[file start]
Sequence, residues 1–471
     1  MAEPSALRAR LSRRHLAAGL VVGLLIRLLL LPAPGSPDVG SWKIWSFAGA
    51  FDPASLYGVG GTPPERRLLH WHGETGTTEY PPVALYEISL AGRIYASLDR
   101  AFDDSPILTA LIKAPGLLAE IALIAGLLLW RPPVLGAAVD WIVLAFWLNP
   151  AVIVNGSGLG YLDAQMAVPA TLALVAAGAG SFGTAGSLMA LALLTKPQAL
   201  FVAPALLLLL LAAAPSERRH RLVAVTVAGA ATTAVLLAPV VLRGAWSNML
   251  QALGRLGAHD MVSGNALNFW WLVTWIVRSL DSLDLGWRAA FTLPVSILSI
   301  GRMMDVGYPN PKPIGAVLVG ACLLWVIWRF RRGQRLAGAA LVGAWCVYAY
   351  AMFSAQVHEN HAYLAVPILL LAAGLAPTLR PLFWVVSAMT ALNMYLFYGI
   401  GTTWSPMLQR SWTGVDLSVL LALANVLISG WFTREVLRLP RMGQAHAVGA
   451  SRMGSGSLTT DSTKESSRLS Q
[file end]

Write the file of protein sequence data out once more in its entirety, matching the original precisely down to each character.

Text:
Sequence, residues 1–471
     1  MAEPSALRAR LSRRHLAAGL VVGLLIRLLL LPAPGSPDVG SWKIWSFAGA
    51  FDPASLYGVG GTPPERRLLH WHGETGTTEY PPVALYEISL AGRIYASLDR
   101  AFDDSPILTA LIKAPGLLAE IALIAGLLLW RPPVLGAAVD WIVLAFWLNP
   151  AVIVNGSGLG YLDAQMAVPA TLALVAAGAG SFGTAGSLMA LALLTKPQAL
   201  FVAPALLLLL LAAAPSERRH RLVAVTVAGA ATTAVLLAPV VLRGAWSNML
   251  QALGRLGAHD MVSGNALNFW WLVTWIVRSL DSLDLGWRAA FTLPVSILSI
   301  GRMMDVGYPN PKPIGAVLVG ACLLWVIWRF RRGQRLAGAA LVGAWCVYAY
   351  AMFSAQVHEN HAYLAVPILL LAAGLAPTLR PLFWVVSAMT ALNMYLFYGI
   401  GTTWSPMLQR SWTGVDLSVL LALANVLISG WFTREVLRLP RMGQAHAVGA
   451  SRMGSGSLTT DSTKESSRLS Q